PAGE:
Skip to main content

Concern at lack of literacy tutors

Poor pay and training mean basic skills staff are hard to find. Ian Nash reports from the ACM conference.

A shortage of adequately trained tutors and of money to pay them is undermining the government's campaign to get thousands of illiterate adults back to college.

Susan Pember, director of the Government's adult basic skills strategy unit, told the the annual conference of the Association for College Management (ACM) conference that adult literacy co-ordinators lacked status and were often poorly paid.

College managers agreed that there were problems. But they pointed out that the national shortage of well-qualified tutors was so serious that even when decent pay was offered there was little or no response to advertisements.

A Cabinet Office review last month said the basic skills drive that the unit leads had been the most successful of all Government initiatives in hitting its targets. More than 100,000 adults signed up for courses last year. But, Ms Pember said, this was still not enough: thousands of adults had been turned off by staff or failed to continue learning after the first basic course.

A wide-scale retraining programme had had to be introduced at Learndirect, the online and phone advice service. "We had to retrain Learndirect staff to have a different way of speaking to this group. When adults call, they often put the phone down almost immediately. They have to be encouraged to come back," she said.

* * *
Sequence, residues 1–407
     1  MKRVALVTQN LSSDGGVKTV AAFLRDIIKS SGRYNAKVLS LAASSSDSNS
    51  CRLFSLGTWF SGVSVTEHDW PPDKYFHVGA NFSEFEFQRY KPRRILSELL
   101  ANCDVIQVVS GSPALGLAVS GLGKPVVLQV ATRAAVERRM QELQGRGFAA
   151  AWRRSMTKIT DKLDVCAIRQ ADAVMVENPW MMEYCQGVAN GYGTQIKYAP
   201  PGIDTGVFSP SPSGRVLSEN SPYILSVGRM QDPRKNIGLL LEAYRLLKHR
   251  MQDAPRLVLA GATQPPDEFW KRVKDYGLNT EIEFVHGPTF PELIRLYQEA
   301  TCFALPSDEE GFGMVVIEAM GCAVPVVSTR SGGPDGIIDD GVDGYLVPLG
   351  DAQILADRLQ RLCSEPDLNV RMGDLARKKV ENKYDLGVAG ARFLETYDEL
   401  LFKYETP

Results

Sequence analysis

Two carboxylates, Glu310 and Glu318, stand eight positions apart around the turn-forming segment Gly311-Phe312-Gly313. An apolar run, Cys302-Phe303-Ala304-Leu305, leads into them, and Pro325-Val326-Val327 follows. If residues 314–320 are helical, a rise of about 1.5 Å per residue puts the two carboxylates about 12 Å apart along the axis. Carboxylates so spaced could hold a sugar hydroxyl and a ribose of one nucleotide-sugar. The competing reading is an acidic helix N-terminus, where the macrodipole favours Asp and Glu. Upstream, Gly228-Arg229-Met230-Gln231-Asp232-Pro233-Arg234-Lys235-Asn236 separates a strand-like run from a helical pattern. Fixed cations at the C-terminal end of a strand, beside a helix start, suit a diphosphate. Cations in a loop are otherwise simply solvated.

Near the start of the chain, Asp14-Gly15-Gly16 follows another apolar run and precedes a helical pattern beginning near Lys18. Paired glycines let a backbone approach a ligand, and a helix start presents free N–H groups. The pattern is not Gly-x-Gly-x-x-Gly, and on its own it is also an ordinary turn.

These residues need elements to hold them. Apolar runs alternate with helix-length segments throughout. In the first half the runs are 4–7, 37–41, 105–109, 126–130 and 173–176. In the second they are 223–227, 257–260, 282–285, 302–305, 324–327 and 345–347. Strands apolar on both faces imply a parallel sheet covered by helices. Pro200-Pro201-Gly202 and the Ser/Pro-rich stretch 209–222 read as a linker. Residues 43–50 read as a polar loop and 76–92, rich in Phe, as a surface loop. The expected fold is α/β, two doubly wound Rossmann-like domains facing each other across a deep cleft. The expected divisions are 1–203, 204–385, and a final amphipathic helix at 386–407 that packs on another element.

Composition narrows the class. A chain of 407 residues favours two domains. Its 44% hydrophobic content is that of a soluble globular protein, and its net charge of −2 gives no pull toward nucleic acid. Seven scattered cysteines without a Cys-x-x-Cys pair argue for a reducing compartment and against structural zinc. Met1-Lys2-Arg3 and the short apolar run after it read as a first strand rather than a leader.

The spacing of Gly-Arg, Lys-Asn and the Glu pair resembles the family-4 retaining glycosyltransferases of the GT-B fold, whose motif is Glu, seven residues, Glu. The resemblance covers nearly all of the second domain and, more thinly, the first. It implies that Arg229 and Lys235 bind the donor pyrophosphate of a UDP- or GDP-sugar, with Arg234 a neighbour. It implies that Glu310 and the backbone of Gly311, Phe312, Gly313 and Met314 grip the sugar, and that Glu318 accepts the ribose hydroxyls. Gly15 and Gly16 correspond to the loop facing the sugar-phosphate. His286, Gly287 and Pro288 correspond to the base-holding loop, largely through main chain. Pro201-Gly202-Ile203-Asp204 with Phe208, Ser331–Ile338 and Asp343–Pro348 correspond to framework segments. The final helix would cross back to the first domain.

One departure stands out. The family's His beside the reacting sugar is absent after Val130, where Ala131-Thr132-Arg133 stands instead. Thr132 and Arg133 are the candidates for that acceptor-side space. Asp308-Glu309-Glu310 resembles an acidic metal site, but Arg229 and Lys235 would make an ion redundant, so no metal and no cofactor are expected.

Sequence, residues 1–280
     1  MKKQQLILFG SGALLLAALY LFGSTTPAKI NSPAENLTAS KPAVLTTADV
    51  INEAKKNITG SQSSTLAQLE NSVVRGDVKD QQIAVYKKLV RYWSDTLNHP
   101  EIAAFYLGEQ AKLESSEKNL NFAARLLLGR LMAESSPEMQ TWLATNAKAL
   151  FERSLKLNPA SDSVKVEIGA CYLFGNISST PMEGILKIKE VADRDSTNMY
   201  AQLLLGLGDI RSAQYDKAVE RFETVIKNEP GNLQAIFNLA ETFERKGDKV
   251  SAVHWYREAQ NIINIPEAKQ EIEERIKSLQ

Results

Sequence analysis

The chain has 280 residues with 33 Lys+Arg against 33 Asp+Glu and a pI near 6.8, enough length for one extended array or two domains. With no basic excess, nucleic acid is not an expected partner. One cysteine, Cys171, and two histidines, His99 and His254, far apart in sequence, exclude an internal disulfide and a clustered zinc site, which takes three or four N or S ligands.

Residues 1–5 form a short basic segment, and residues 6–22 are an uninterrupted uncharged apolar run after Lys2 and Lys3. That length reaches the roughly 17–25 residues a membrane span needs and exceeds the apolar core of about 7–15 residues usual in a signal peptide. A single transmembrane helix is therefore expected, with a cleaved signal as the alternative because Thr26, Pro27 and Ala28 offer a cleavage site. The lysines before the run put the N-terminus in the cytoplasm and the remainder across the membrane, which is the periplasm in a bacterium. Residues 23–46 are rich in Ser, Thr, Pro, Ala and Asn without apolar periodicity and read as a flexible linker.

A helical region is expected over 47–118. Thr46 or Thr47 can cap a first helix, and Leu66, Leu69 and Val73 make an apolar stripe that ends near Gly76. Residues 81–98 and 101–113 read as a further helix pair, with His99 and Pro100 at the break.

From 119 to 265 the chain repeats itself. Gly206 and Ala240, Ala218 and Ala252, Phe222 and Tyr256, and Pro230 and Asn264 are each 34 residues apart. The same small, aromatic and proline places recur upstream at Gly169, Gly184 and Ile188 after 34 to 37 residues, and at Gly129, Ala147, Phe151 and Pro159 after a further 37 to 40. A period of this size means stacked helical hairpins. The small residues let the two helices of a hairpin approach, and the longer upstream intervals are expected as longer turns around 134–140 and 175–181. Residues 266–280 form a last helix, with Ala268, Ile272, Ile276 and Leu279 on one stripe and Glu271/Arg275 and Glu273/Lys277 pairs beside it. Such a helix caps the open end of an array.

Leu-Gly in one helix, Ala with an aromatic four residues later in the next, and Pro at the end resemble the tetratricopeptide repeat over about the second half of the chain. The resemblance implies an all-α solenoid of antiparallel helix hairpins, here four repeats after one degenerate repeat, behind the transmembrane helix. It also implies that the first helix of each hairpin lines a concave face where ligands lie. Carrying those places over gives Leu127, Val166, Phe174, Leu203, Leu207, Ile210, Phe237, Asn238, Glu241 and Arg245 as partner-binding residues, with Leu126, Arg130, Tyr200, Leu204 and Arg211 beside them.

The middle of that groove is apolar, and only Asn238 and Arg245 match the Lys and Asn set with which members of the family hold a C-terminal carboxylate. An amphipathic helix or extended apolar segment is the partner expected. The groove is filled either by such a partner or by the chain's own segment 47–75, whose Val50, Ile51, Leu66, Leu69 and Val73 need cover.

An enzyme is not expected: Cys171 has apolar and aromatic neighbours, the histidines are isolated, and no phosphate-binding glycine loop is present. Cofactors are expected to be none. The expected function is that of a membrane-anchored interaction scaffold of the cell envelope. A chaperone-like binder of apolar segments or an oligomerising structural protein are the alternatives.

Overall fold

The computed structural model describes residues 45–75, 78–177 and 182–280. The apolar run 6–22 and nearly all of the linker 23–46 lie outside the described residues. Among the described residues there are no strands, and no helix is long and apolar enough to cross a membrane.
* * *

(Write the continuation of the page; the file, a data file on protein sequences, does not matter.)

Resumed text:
It was also becoming clear that these adults had far lower self-esteem than anyone had reckoned. "You've seen the TV ad with the gremlins at the back of the adults' heads. Well, these adults are saying far worse things about themselves in their own minds."

Often, adult skills teachers took too gentle an approach and failed to encourage learners on to level 2 (GCSE-level) courses, she said. Adults were also turned off by pure basic skills courses. "It is far better if they are embedded in another course of study that will interest them," Ms Pember said.

Too often, also, colleges and other providers were finding excuses not to do basic skills. First there was a lack of funds, then objections to the national basic skills tests and now too few staff.

"You have to ask whether you are paying enough. If you did, you could be earning around one-third of your income from this work. But when salaries are as low as pound;18,500 are offered to co-ordinate 1,500 students, we are our own worst enemies."

Centres were offering just three hours' work a week rather than 21. "You won't get good staff willing to risk their other jobs for this sort of work," she said. Ms Pember wants every centre "to offer the new national tests on demand for everyone who wants them when they want them, not six weeks later".

Ahmed Choonara, principal of South Nottingham College, said: "We have tried to recruit ... offering reasonable pay. (But) there is not the number of people out there with the skills. Therefore, we are 'growing our own', using teachers' pay initiative money and other funds."

Log in or register for FREE to continue reading.

It only takes a moment and you'll get access to more news, plus courses, jobs and teaching resources tailored to you